Denizli Hierapolis (Pamukkale) Archaeological Museum
The Archaeological Museum of Hierapolis is located on an area of 14,000 m2 in the Ancient City of Hierapolis. It is a collection of structures consisting of the Ancient Roman Bath, Gymnasium, and library. The construction of the Hierapolis Southern Bath (Great Bath Building), located in the southwest of the city, in the area opening to the travertine canals, was started in the time of Hadrian (117-138 A.D) and was completed in the time of Severius. (2nd century A.D) After the abandonment of the ancient city, the sediments accumulated by the water forming Pamukkale's white travertines raised the floor of the Roman Bath by 5 meters.
As a result of the restoration of the Roman Bath Structure in the Hierapolis Archaeological Site, which was made in the 1970s, the exhibition and arrangement of the artifacts found in the Hierapolis Excavations and brought from other ruins were completed, and it was opened on February 1, 1984, and serves as the Hierapolis Archeology Museum.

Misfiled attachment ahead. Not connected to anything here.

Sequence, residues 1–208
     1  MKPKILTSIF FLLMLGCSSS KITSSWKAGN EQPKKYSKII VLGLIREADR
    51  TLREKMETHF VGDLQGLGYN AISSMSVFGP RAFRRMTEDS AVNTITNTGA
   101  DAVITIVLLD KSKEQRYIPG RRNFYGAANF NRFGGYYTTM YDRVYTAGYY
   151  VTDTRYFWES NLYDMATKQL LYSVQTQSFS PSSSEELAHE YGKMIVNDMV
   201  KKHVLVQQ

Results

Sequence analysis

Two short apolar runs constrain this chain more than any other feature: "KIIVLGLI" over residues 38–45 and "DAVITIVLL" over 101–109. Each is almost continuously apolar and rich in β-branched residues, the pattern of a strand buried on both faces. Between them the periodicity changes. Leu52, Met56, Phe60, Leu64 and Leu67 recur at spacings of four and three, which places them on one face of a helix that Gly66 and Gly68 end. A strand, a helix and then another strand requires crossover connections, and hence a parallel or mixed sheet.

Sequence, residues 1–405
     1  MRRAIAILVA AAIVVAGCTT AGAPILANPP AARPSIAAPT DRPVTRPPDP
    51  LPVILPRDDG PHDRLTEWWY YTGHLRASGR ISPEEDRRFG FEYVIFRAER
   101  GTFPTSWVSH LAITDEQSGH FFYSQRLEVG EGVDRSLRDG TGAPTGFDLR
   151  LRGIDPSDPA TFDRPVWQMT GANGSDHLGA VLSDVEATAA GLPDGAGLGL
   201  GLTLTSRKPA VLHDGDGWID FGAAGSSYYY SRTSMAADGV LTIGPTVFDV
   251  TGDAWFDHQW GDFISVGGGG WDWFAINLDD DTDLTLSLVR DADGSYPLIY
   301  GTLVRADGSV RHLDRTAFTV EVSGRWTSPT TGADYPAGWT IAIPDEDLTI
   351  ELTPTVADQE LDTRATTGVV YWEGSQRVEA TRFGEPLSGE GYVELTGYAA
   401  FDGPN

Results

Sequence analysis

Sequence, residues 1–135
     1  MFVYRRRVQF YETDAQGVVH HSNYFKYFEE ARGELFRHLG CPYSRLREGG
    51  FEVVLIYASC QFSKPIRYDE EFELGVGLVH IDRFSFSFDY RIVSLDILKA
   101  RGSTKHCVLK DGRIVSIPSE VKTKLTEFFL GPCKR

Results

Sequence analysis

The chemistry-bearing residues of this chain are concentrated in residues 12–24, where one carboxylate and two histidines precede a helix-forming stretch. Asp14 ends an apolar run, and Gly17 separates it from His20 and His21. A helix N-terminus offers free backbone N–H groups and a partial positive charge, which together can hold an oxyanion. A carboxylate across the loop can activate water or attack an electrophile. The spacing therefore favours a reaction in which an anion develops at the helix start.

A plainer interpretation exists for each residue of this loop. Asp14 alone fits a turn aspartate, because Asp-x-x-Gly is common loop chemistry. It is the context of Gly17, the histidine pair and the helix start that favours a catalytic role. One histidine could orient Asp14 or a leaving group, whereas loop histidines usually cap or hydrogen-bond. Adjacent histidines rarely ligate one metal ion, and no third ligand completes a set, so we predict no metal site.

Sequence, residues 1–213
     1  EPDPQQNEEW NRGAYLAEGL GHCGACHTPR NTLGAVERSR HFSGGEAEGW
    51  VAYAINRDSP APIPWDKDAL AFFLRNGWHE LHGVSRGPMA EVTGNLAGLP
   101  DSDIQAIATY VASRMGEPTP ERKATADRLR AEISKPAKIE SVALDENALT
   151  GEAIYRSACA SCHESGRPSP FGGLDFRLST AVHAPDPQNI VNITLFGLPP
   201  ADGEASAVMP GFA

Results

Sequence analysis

The Legend of Marsyas: According to mythology; Marsyas dares to enter a music contest with God Apollo. In the race, Apollo made the best music and defeated Marsyas. As a result, Marsyas' skin will be flayed for daring to enter a music contest with God Apollo. A Scythian is available for this mission.
In relief; Marsyas was tied to a pine tree by his hands, raising his arms. In front of him, a Scythian is sharpening his knife, and God Apollo is watching from behind. In the continuation of the relief, Apollo is crowned with laurel and two nymphs after defeating Marsyas. Apollo holds the palm of victory and celebrates the event and its success by having a drink in honor.
Hall of Sarcophagi and Statues: It consists mainly of artifacts from the excavations of Hierapolis and Laodikeia and brought from our other ruins. Among the artifacts are the reliefs of gladiator fights and bull fights unearthed by our directorate from the excavations in Tripolis Street of the Ancient City of Hierapolis, and the sarcophagi unearthed as a result of the rescue excavations in the Ancient City of Laodikeia; It is presented as the most beautiful artistic examples of the Roman Period.
Hall of Small Works: In this hall, BC. Small finds, the products of many civilizations since the 4th millennium B.C, are exhibited according to a certain chronology. Among the exhibited works; The Beycesultan Höyük near our Çivril District was excavated by the British Archaeological Institute between 1954-1959. Along with the terracotta pots, idols, and stone artifacts unearthed as a result of the excavation, there are terracotta oil lamps, glass artifacts, necklaces, and metal jewelry from the Phrygian, Hellenistic, Roman, and Byzantine Periods.